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Singer: Community in shock over DLNR-approved tree destruction

Monkey pod tree in Puna. (Photo courtesy of Sydney Ross Singer)

Monkey pod tree in Puna. (Photo courtesy of Sydney Ross Singer)

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Sydney Ross Singer | Medical Anthropologist, Biologist, Author

A small community in a picturesque part of Puna is in shock today, reeling from the loss of majestic monkey pod trees, their lacy leaves and hundred foot tall branches having graced this area for decades.

They was cut down and reduced to chips on conservation land, where the road meets the sea in Opihikao, along Highway 137, locally called the Red Road.

The property owner wanted to build, as the law allows. Since this is conservation land, he needed to consult the Department of Land and Natural Resources about his plans to clear the area of these expansive monkey pod trees.

The DLNR’s policy is to encourage the removal of “invasive” species, so the property owner had the green light to cut them down.

You would think that the purpose of having conservation lands was to protect our precious, natural resources, such as beautiful trees like these monkey pods. But to the DLNR, nonnative species are all invasive, and therefore have no resource value.

Monkey pod trees are now defined as invasive, regardless of their beauty, or how many people value and enjoy them.

It is a black and white judgment, prejudicial against non-natives, made by bureaucrats in Honolulu, and affecting people, plants and animals throughout the islands.

Residents watched in horror, crying for their loss, some wanting to chain themselves to the trees to save them from destruction. But the die was cast. Now sunshine beats down on this sleepy shoreline stretch of road where had once been a muted shadow from these fine trees.

It looks like a big piece has been removed from a jigsaw puzzle of a tropical paradise. A nearby monkey pod, an equal companion of the ones just killed, stands nearby. Residents pray for its survival past this time of destructive environmentalism.

No matter where you live in Hawaii, this fate threatens beautiful trees near you. And with the green light from federal, state and county governments to rid the islands of politically incorrect species, the killing can happen faster than you can say chainsaw.

A current proposal to ban all non-native species from being brought into Hawaii now disgraces our state legislature, showing the extent of this insanity.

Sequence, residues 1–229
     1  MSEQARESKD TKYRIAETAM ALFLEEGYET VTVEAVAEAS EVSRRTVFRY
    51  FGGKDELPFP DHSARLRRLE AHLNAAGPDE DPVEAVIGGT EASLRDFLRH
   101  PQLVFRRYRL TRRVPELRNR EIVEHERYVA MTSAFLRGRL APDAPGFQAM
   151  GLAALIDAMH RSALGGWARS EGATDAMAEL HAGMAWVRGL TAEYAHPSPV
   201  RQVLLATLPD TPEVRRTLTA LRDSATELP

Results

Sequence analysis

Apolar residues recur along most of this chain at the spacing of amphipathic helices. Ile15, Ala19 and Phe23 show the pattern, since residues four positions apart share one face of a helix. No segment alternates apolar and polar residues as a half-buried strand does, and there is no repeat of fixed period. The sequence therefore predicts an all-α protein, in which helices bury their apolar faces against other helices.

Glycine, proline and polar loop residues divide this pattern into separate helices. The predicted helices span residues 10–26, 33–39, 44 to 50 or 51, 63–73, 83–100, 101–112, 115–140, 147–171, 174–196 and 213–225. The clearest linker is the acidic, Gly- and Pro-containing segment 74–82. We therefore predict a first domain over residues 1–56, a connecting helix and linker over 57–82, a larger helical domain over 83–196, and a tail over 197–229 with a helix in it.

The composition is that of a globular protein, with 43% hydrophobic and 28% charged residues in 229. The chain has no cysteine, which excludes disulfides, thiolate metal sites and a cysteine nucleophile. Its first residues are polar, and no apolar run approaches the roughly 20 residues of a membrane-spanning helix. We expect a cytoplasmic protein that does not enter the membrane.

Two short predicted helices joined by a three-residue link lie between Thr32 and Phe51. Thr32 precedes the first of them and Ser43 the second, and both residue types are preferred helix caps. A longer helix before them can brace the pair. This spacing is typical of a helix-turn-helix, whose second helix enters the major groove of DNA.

If invasive species eradication interests had their way, we would spend all our time and money trying to erase the impact of hundreds of years of species introductions to these isolated islands.

The irony, of course, is that these anti-non-native species resolutions and bills are written in English. Perhaps we should follow the lead of Rep. Faye Hanohano, who speaks to the legislature in Hawaiian and refuses to translate to the “haoles” who can’t understand her. English is non-native in Hawaii.

Cars, trucks, and airplanes are also non-native. So is spam, MacDonalds, and Kentucky Fried Chicken. Our environment is composed of more than non-native plants and animals. Modern western culture is non-native to Hawaii. So is Christianity, and democracy, and science.

It’s easy to start up a chainsaw or open a bottle of poison or put up a fence to destroy plants and animals that were introduced by non-Hawaiians. But it’s much harder to eradicate the non-Hawaiian culture. And since most of the people calling for species cleansing of all that is non-native are themselves non-native, you can be sure that they will exempt themselves from the process.

All that this crazy, destructive environmentalism can produce is grant money for those employed to cut and kill. It is a revenue maker, feeding off federal funds. It doesn’t matter to those doing this work that climate change makes restoration of “native” ecosystems an impossible dream. It doesn’t matter to them that cars, and planes, and pollution, and crowds of people, and all the realities of modern life in Hawaii will still define our islands despite small enclaves where non-native species have been removed and native species have been planted. It doesn’t matter to them that in the end we will lose our precious introduced species and natural resources.

But to the group of people living in the jungle along the sleepy Red Road in Opihikao, crying over their lost monkey pods, it did matter.

(Sydney Ross Singer is a medical anthropologist and director of the Institute for the Study of Culturogenic Disease.)

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